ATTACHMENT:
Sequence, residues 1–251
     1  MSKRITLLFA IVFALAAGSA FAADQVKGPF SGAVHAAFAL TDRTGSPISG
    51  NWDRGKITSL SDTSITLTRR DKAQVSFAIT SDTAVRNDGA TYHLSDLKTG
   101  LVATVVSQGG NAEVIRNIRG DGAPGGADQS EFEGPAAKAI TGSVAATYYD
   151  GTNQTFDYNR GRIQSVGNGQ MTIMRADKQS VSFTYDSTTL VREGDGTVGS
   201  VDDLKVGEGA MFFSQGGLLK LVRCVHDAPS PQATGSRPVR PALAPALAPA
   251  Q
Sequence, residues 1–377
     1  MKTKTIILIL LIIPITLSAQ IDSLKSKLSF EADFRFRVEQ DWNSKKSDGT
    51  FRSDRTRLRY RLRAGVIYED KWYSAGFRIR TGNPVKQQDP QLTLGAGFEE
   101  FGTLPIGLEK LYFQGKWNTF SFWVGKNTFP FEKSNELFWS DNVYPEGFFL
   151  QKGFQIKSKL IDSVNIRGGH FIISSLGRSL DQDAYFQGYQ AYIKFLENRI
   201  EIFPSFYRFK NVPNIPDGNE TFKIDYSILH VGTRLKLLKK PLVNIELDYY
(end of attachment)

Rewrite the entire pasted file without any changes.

Sequence, residues 1–251
     1  MSKRITLLFA IVFALAAGSA FAADQVKGPF SGAVHAAFAL TDRTGSPISG
    51  NWDRGKITSL SDTSITLTRR DKAQVSFAIT SDTAVRNDGA TYHLSDLKTG
   101  LVATVVSQGG NAEVIRNIRG DGAPGGADQS EFEGPAAKAI TGSVAATYYD
   151  GTNQTFDYNR GRIQSVGNGQ MTIMRADKQS VSFTYDSTTL VREGDGTVGS
   201  VDDLKVGEGA MFFSQGGLLK LVRCVHDAPS PQATGSRPVR PALAPALAPA
   251  Q
Sequence, residues 1–377
     1  MKTKTIILIL LIIPITLSAQ IDSLKSKLSF EADFRFRVEQ DWNSKKSDGT
    51  FRSDRTRLRY RLRAGVIYED KWYSAGFRIR TGNPVKQQDP QLTLGAGFEE
   101  FGTLPIGLEK LYFQGKWNTF SFWVGKNTFP FEKSNELFWS DNVYPEGFFL
   151  QKGFQIKSKL IDSVNIRGGH FIISSLGRSL DQDAYFQGYQ AYIKFLENRI
   201  EIFPSFYRFK NVPNIPDGNE TFKIDYSILH VGTRLKLLKK PLVNIELDYY